Putting your partner first* in the bedroom (*most of the time). As we get older, our relationships progress, our bodies change and our lives grow more complex. Sex evolves too, and because the stars will rarely align perfectly and spontaneously the way they used to, you have to make your physical relationship a priority. It won’t always be easy to fall into your lover’s arms, especially when he wants to make love and you are nowhere close to being in the mood, but it’s important to shut the world off and let yourself give in sometimes. Even when (especially when) you don’t feel like it. Here’s something that’s always resonated with me: as much as women need to feel loved to have sex, men need sex to feel loved. So on those days it’s difficult to turn off that busy, multitasking mind, get out of your head and instead, focus on your lover and the sensations of your own body. A few minutes of pleasure will do wonders for your relationship and your personal well being the other 23.5 hours of the day.

Not losing the “me” behind the “we”. Always cherish the things that make you special, including your unique interests. It’s great that you and your beloved share so many things in common and love spending time together, but keep personal space for the hobbies, activities and interests that rejuvenate your love for life. Never let anyone tell you that you’re selfish for wanting to take time for yourself. Separate interests make you more interesting individuals. The only caveat I would add is that your hobbies should bring you joy, enhance your life and your relationship. They should not cause a rift, veer into obsession, be an excuse to get away from one another and worst and most painful of all, used to cover up nefarious activity. Keep doing what you love, and it will help you not to lose sight of who you are. You’re worth it.

Finding your way back to your love story. After eight years together, my daughter and future son-in-law already understand relationships have its ups and downs. But there will be deeper ruts later on; times when you stall out and start to question whether you made the right choice or if you’re with the right person. Heck, you might wonder if you even like that person. That’s the time when you need to make a trip into your mental library and check out the Story of How We Met. Re-read its pages as a reminder of why you chose each other in the first place. There is a reason you have worked hard and invested so much to get to where you are today. Good memories will spark more positive things about one another and those little bricks that laid the groundwork for your relationship. Use it as a path to find your way back together and you’ll realize that you don’t fall in love only once, but in fact, you need to fall in love with each other over and over again.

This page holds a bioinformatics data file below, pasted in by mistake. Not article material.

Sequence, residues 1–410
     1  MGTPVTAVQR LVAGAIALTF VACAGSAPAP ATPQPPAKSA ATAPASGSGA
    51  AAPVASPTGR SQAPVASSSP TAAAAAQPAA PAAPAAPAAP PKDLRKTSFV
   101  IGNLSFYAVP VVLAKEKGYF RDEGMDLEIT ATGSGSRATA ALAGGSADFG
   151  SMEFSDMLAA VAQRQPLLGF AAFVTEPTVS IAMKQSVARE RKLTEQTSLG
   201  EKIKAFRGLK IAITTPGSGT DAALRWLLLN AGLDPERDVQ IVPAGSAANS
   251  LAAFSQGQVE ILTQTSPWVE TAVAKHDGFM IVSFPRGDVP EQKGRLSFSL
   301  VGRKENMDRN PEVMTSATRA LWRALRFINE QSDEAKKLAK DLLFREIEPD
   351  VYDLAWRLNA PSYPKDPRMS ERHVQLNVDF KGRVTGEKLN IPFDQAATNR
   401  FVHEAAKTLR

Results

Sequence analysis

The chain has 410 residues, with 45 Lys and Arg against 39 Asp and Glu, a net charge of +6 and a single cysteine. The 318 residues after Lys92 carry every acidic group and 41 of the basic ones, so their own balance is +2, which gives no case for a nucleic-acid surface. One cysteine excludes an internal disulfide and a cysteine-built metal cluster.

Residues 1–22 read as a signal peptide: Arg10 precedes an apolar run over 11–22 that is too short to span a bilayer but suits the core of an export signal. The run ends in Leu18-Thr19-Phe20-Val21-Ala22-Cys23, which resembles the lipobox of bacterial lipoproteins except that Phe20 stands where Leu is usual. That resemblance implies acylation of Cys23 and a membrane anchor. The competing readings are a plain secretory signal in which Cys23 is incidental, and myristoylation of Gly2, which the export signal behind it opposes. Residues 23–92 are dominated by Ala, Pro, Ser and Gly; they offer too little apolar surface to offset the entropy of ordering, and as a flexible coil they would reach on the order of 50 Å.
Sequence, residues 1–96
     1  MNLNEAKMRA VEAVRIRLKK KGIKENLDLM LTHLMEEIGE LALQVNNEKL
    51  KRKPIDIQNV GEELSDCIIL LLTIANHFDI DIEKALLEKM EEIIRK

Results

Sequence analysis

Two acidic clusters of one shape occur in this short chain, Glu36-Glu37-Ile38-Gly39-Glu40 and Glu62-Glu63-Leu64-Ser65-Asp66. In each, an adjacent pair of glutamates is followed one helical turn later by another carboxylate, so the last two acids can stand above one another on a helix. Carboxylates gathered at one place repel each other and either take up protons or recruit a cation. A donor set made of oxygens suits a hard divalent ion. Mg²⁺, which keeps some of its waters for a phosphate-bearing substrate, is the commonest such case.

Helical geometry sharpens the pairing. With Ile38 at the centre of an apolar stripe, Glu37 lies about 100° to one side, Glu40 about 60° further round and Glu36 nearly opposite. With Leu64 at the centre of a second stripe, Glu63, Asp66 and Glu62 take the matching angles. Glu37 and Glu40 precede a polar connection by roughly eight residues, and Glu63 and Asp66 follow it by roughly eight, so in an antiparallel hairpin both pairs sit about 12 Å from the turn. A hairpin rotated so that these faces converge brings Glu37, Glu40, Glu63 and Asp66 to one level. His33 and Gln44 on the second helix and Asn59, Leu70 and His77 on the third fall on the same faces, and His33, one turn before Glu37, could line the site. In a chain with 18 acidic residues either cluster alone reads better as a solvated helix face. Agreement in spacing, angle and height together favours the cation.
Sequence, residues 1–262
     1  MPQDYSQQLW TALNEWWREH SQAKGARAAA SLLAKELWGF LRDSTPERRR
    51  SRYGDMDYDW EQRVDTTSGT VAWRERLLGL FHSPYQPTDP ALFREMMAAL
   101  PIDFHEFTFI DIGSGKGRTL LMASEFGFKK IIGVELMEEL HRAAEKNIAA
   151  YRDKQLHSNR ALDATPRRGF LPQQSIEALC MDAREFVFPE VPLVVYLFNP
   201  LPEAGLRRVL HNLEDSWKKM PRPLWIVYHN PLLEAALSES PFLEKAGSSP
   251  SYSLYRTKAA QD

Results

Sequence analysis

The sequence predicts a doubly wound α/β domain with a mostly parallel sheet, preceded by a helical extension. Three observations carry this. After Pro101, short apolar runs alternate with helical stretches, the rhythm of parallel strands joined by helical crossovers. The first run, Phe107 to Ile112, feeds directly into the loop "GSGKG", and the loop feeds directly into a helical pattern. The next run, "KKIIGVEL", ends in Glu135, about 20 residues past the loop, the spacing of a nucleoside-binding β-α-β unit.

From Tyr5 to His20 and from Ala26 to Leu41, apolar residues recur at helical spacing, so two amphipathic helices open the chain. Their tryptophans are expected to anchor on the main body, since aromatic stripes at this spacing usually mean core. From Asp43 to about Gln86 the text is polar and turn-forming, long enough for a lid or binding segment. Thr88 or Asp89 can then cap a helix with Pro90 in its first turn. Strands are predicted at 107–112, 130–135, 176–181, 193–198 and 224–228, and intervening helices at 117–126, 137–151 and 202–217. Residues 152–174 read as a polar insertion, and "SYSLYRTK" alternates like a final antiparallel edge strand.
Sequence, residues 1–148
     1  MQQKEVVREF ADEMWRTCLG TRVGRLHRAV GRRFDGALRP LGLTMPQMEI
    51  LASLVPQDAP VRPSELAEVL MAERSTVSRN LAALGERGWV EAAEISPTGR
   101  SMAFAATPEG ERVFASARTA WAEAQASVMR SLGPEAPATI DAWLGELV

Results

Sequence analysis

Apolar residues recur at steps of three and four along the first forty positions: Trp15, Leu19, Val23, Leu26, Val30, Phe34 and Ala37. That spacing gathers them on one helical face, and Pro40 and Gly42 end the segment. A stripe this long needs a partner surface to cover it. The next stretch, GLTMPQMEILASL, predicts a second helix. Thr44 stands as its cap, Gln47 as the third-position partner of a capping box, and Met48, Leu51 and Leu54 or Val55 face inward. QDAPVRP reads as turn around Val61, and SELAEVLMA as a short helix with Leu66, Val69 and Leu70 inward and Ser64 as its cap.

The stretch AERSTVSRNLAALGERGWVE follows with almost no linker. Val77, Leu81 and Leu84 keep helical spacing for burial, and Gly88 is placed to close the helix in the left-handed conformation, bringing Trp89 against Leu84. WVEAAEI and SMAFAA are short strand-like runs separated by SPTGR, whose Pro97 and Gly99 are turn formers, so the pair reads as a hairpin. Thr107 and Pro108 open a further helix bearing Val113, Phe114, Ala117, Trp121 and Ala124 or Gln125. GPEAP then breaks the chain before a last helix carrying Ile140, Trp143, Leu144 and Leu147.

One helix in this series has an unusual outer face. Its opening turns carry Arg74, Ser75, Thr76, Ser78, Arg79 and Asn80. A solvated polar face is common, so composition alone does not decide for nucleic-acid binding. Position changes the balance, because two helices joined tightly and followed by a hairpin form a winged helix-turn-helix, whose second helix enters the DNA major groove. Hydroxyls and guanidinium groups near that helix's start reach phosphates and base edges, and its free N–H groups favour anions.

Being vulnerable. My last and maybe most valuable piece of advice comes from what I’ve learned most not in marriage, but divorce and the years that have followed it. True intimacy with your partner comes only by being emotionally vulnerable. No two ways about it, being honest about the way you feel, your fears and your needs is the glue that will hold it all together. On the flip side, shame and secrets are silent saboteurs that close us off from one another and put up the walls that prevent us from closeness.

Looking back, my marriage always lacked true connection, and as a result of missing out on that level of intimacy, I wasted years feeling lonely, inadequate and unfulfilled. You deserve so much better than this. My advice is to work at being vulnerable as a way of connecting with each other. Be brave and put yourself out there first. Start by realizing that inside, we each want to belong and to feel worthy of love and acceptance. If you and your partner can meet somewhere in the middle with the understanding that we all come from the same place, you can create a safe space to open up and let love in.